Greetings and common words

First things first: no conversation goes without a hello as a rule. Thus, it’s only natural to learn a phrase or two of greeting when coming to another country. With this, you can wholeheartedly rely on our starting-out guide, while the everyday Russian guide, on the other hand, will be your trusty comrade on your first outing in the city. Apart from greetings, there are other situations you will inevitably experience over and over again such as having a meal in a Russian household or with Russian friends or sharing your feels about something, both good and bad – luckily, there are quite a few handy expressions you will find in our previous stories. 

Those who love to get to the bottom of things will appreciate our articles about colors and their other meanings – as well as a sickness vocabulary, which is, to say the least, sick. For more advanced learners, we recommend memorizing a few proverbs and sayings to spruce up your speech a bit. And also cat words – well, who doesn’t adore cats? 

Finding your way around

Getting around a new city ain’t easy – and may be even more challenging when you don’t speak the local language. Our two-part series on navigating St. Pete (part 1 and part 2) will gear you up for being out and about in the city, and a list of local names for metro stations and districts will ensure you get to the right destination, even if it sounds like someone’s name.

Complaining (or not) about weather

Weather is a go-to topic for small talk or chit-chat all around the world – and Russia is no exception. Whether you want to rage at terrible weather or discover why холодрыга is way worse than мороз, you need to pick up some weather-related vocab first – for instance, all things rain, fall blues, and the many chills of Russian winter.

Celebrating holidays

This list wouldn’t be complete without some festive vocabulary, right? New Year’s might be a bit far on the horizon yet, but you can learn how to congratulate and even give a toast in Russian beforehand by checking out this holiday-themed edition. Who knows, maybe you will be a toast giver this year?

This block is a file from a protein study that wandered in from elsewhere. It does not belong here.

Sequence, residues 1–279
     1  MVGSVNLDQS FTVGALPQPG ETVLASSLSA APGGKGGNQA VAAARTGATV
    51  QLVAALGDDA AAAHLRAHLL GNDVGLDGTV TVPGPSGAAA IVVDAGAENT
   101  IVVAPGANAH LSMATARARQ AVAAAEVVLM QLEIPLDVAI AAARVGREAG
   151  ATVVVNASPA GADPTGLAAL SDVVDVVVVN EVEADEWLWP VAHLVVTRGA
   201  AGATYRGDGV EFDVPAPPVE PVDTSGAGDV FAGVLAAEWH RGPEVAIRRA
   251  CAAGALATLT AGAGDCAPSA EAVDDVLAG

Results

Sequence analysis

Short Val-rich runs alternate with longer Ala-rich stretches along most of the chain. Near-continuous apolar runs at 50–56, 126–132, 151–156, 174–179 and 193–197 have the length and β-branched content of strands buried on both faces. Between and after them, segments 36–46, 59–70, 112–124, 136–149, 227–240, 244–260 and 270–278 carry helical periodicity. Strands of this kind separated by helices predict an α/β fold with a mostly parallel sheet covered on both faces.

Student phrase book

Student life isn’t student life without a flurry of academic words — and a whole new language spoken on campus and daily life. Another integral part of being a student — or anybody with a job — are the ever-coming deadlines, on which you will find more here. And in times of crisis, aka exams, turn to Russian study-related proverbs for inspiration — and a fresh perspective.

Digging into the Russian psyche and past

The Russians love to get a bit (or a lot) philosophical, especially late into the night, sitting at a kitchen table with a buddy. To better comprehend at least some aspects of the Russian psyche and history, you can check out our stories on fate and fatalism, as well as Soviet-originated words and phrases, including catchphrases from that era’s movies that are still around today. 

And finally – &%@!

To speak like a sailor or not to speak like a sailor (or сапожник (shoemaker) if you prefer the Russian version of the saying more) may still be the question – trust us, we understand the dilemma – but if things are getting too intense, just say черт, к черту, or any other “safe” Russian swear word, and carry on.